by Travis Waters, Dow AgroSciences Vegetation Management
Unwanted trees can challenge vegetation managers tasked with providing reliable power to customers by keeping power lines and rights of way clear of vegetation.
Options for maintaining encroaching trees include cutting trees, mechanically side trimming the trees or using herbicide to control either entire trees or part of their growth, called chemical side trimming.
Mechanical cutting can be dangerous, time-consuming and expensive. Herbicide is a good alternative in many situations. Using herbicide to chemically side trim a tree allows vegetation managers to control the part of the tree that presents hazards to nearby power lines while keeping the desirable part of the tree alive and healthy. When used correctly, certain herbicides can prune back the treated limbs without controlling the entire tree.
Side Trimming Utility Rights of Way
Helena Chemical Co. based in Collierville, Tenn., a distributor and applier of herbicides in the vegetation management market, has used chemical side trimming to maintain clear and accessible utility rights of way.
The company focuses efforts on two types of chemical side trim applications: foliar treatments and dormant stem treatments, said Geer DuBose, vegetation management branch manager with Helena.
“We’ve seen great success with both treatments,” DuBose said. “Our foliar treatment consists of Milestone specialty herbicide at 7 to 10 ounces combined with Krenite herbicide at 2 to 4 percent in 100 gallons of water plus a drift control agent. Our dormant stem treatments use one of two mixes. One is a combination of Milestone and Garlon 4 Ultra specialty herbicide, and the other combines Milestone and Trycera herbicide. Both of these mixes include a high-quality 3 percent v/v oil to ensure good penetration.”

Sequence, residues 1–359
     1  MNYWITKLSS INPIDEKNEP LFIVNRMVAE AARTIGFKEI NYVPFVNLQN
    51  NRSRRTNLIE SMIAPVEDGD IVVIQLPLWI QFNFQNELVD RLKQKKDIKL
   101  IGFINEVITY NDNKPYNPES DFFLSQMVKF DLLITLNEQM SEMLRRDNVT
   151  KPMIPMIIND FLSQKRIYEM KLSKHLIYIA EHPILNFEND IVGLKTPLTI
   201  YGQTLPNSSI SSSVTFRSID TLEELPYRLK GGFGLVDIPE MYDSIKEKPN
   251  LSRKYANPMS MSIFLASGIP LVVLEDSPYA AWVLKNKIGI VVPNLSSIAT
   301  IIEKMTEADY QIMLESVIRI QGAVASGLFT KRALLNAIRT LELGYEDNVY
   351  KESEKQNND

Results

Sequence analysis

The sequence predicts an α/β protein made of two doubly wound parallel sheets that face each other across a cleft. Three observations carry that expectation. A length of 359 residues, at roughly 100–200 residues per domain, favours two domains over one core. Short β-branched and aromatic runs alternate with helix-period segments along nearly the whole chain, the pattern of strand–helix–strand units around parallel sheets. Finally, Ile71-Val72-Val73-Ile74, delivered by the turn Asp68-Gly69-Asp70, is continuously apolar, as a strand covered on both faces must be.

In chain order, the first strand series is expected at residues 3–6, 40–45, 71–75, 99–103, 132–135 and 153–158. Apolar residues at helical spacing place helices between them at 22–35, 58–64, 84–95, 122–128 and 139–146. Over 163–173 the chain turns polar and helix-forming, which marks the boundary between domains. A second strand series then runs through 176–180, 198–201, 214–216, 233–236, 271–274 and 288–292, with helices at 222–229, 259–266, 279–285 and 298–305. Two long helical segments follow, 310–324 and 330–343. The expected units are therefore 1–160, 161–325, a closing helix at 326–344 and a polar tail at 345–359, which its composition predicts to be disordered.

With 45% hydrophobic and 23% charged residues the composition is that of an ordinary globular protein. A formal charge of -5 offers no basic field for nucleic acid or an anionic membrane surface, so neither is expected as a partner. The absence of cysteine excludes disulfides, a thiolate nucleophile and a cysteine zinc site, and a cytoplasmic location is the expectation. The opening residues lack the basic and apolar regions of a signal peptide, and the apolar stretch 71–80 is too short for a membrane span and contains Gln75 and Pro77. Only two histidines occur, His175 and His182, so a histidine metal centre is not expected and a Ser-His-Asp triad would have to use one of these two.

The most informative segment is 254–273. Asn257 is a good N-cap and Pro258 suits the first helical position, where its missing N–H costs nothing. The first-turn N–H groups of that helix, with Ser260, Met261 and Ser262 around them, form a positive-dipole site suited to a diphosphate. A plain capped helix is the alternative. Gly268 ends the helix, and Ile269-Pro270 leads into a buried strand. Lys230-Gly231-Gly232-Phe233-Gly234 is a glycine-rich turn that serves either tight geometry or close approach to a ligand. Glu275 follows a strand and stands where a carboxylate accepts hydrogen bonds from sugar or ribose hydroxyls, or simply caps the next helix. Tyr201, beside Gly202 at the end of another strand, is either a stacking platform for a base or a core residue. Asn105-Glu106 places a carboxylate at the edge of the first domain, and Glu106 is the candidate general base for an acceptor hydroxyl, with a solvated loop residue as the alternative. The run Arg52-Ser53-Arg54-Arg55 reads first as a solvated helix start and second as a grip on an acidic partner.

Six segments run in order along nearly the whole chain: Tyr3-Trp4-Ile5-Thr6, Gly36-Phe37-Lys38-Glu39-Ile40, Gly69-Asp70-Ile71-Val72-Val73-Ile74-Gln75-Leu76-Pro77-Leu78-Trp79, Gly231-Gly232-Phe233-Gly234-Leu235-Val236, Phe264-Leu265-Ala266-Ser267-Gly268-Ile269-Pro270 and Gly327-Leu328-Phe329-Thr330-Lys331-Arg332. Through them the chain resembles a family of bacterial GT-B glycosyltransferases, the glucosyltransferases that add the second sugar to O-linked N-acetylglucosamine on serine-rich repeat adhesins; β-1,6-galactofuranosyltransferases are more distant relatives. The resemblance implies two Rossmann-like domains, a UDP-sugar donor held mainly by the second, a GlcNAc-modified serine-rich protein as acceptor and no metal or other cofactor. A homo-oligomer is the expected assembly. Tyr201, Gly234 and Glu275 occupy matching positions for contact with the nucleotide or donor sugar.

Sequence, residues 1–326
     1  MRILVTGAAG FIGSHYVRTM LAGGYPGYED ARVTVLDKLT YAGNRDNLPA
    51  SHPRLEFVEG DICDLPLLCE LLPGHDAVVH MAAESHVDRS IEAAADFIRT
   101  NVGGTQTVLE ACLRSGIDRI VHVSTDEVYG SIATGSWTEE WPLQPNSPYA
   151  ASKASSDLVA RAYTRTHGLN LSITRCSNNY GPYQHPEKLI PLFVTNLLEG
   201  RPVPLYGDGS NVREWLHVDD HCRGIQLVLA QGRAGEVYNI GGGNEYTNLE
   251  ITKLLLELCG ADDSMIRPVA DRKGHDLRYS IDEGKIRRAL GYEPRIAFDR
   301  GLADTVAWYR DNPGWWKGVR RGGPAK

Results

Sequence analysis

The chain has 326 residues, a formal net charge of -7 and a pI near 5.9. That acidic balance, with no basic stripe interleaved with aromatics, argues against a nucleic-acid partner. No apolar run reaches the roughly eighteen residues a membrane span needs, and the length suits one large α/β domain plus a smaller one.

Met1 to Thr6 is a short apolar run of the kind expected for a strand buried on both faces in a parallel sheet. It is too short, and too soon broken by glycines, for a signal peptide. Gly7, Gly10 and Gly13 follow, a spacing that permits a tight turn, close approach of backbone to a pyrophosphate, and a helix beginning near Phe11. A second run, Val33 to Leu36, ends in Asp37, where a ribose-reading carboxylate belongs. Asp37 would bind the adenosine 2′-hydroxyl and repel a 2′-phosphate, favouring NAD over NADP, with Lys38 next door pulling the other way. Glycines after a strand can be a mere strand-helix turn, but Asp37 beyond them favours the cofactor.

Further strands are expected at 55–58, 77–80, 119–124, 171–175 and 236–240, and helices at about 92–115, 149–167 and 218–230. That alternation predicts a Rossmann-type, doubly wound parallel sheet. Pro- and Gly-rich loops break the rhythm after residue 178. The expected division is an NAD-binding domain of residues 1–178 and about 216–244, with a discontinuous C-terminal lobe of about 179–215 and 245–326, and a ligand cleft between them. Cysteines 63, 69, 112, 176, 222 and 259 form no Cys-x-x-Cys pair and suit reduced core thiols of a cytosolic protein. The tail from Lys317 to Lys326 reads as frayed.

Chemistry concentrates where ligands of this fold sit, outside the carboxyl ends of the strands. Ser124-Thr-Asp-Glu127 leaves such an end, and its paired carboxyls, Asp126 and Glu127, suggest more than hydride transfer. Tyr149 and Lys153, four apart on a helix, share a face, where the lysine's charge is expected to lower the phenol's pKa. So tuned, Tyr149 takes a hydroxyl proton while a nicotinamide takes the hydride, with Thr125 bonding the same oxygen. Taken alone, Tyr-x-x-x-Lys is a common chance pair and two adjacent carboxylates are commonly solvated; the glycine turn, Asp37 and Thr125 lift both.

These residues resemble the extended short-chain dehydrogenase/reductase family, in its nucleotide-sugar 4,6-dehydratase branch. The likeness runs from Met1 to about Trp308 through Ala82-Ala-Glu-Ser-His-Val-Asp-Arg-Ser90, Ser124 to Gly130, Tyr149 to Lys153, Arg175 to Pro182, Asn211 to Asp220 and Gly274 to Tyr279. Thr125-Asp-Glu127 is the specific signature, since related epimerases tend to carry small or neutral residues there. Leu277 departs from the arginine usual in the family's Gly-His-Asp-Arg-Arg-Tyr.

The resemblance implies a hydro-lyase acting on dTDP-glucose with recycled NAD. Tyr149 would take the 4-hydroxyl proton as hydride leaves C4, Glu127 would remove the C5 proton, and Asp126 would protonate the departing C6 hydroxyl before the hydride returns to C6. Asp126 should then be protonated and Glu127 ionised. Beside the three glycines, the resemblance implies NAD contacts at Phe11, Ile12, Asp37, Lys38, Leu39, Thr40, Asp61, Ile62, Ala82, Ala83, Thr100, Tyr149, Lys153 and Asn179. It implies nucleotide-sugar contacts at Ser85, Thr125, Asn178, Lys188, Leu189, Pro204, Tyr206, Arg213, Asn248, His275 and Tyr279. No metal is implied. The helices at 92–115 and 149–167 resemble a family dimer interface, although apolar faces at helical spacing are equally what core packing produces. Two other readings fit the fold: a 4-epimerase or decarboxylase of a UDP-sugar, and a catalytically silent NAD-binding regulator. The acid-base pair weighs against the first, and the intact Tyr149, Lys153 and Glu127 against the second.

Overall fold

Georgia Electric Membership Corp. is one Helena customer that has seen impressive results from chemical side trimming.
“There have been fabulous results so far,” DuBose said. “The treatments are holding back the vegetation very well. We are seeing maintenance cycles extended by three to four years over mechanical treatments, and the treatments were initially less expensive, as well.”
For many utilities, it’s difficult to move away from traditional mechanical treatments. DuBose cites two main reasons: worries about customer reaction to vegetation brownout and perceived costs associated with chemical side trimming.
“One challenge associated with chemical side trimming is the visible brownout,” DuBose said. “But if you are willing to accept that it’s going to happen, as well as be proactive in explaining the benefits of this type of application to customers or the public, you can mitigate most issues. At the same time, you have to be extra careful in residential areas, and in some cases, use mechanical treatments when treating areas like subdivision entrances.”
To address perceived costs and to demonstrate the cost-effectiveness of chemical side trimming over purely mechanical treatments, Helena has developed a cost calculator.
“When you walk into a utility and tell them that chemical side trimming will cost 20 percent less than their current mechanical treatments, the first reaction I normally get is, “˜That’s not a high enough number to make me switch,'” DuBose said. “But when I crunch the numbers using our calculator and then show all the cost benefits, including the saving associated with extending their treatment cycles, that gets their attention.”
Chemical side trimming provides longer-lasting results than mechanical trimming alone.
Adding extra dimensions to its side-trimming capabilities, Helena has developed a patent-pending delivery system to help its applicators treat tall vegetation with better accuracy and less chance of off-target damage as a result of spray drift. The delivery system can be mounted to various vehicles and includes a telescopic arm that can extend 40 to 60 feet in the air and is outfitted with spray nozzles. The nozzles are interchangeable from fan to cone, depending on the application.
“Our system allows us to apply side trim treatments on very tall vegetation with precision and accuracy with less spray drift and less waste in terms of herbicide solution,” DuBose said. “The generally accepted method of treating branches that high was to simply shoot the spray up there from the ground. But that method can require applicators to use much more herbicide solution in terms of volume sprayed, create opportunity for spray drift and expose applicators to falling spray solution.”
Travis Rogers is the market development specialist for Dow AgroSciences Vegetation Management business. Prior to his current role, he served as a vegetation management specialist with Dow AgroSciences, covering a territory in the southeastern U.S.